This article appeared online at TheNewAmerican.com on Monday, March 6, 2017:
The union representing AT&T workers in five southern states announced on Thursday that it had reached a tentative agreement with AT&T Southwest that includes a promise to hire 3,000 American workers to do jobs previously done overseas.
It’s a four-year deal that includes wage increases, paid parental leave, and sweetened healthcare benefits for some 20,000 AT&T workers. It’ll become effective after the union membership approves it.
There was some apparent reluctance on the part of the company to include the resourcing, as its statement didn’t mention it: “[The agreement] maintains one of the most robust health care plans in the nation … [and] includes two weeks of paid parental leave to help mothers or fathers bond with a newborn or newly adopted child.”
But the company apparently had little room to maneuver during negotiations. First, CWA reminded top management that AT&T has “chosen to cut more than 8,000 call center jobs [in the United States] and offshore thousands of [them] to Mexico” and several other countries since 2011. The union said that “AT&T is underestimating the deep frustration wireless retail, call center and field workers are feeling right now with its decisions to squeeze workers and customers.” And then, added the union: “The company just reported more than $13 billion in annual profits” making it hard for the company to point out that labor costs in Mexico are significantly lower (averaging about $2 an hour last year) as justification for the cuts and the moves offshore.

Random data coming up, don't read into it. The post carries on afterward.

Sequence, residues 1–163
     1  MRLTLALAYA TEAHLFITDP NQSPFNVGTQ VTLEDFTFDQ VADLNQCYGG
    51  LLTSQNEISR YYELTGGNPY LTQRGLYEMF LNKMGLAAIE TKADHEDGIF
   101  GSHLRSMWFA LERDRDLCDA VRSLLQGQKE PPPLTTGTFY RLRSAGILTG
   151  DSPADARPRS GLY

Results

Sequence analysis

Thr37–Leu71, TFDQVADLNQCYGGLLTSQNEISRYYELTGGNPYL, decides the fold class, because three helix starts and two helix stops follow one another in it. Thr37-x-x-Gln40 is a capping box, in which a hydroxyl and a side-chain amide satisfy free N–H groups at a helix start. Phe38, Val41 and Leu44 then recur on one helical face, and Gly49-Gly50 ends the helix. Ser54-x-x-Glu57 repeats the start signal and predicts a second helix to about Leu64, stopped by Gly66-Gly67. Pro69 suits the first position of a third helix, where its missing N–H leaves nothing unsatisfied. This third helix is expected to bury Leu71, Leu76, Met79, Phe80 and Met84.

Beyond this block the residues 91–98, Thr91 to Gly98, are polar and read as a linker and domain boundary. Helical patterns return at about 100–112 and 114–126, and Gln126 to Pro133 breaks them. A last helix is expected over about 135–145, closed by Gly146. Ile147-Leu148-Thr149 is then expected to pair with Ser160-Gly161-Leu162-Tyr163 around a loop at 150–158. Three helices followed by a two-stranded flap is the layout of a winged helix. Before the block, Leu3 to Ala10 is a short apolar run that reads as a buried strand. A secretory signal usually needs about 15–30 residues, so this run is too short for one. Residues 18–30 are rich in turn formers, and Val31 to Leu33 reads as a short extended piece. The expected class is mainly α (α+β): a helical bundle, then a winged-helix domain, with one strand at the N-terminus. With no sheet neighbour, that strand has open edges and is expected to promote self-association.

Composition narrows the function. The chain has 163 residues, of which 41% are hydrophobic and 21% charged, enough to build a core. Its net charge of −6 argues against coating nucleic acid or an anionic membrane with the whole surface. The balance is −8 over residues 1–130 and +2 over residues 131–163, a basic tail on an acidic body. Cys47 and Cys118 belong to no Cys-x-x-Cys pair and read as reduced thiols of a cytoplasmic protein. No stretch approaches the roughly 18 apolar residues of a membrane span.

In the background of those discussions are the promises the White House has made regarding job creation. In a statement from the White House, Trump has “outlined a bold plan to create 25 million new American jobs in the next decade and return to 4 percent annual economic growth.”
And then there’s Rasmussen Reports, which just announced the results of its latest survey of Americans, indicating support for Trump’s job-creating agenda. When 1,000 Americans were asked, “Among the action items in the president’s [inaugural] speech, which is most important — creating more jobs, cutting taxes, repealing and replacing ObamaCare, reducing illegal immigration, launching an infrastructure plan to rebuild America’s roads, bridges and tunnels, defeating radical Islam or something else?” they said jobs were the most important.
In an economy currently employing more than 150 million people, 3,000 jobs coming back is insignificant. But AT&T Southwest’s 20,000 workers represent a small fraction of the 275,000 people employed by all of the company’s divisions and other union negotiators are likely taking notice of the present tentative agreement in crafting their own negotiations when employment agreements expire elsewhere.
It’s just one more indicator that President Trump means business — pun intended — and companies such as AT&T are responding accordingly.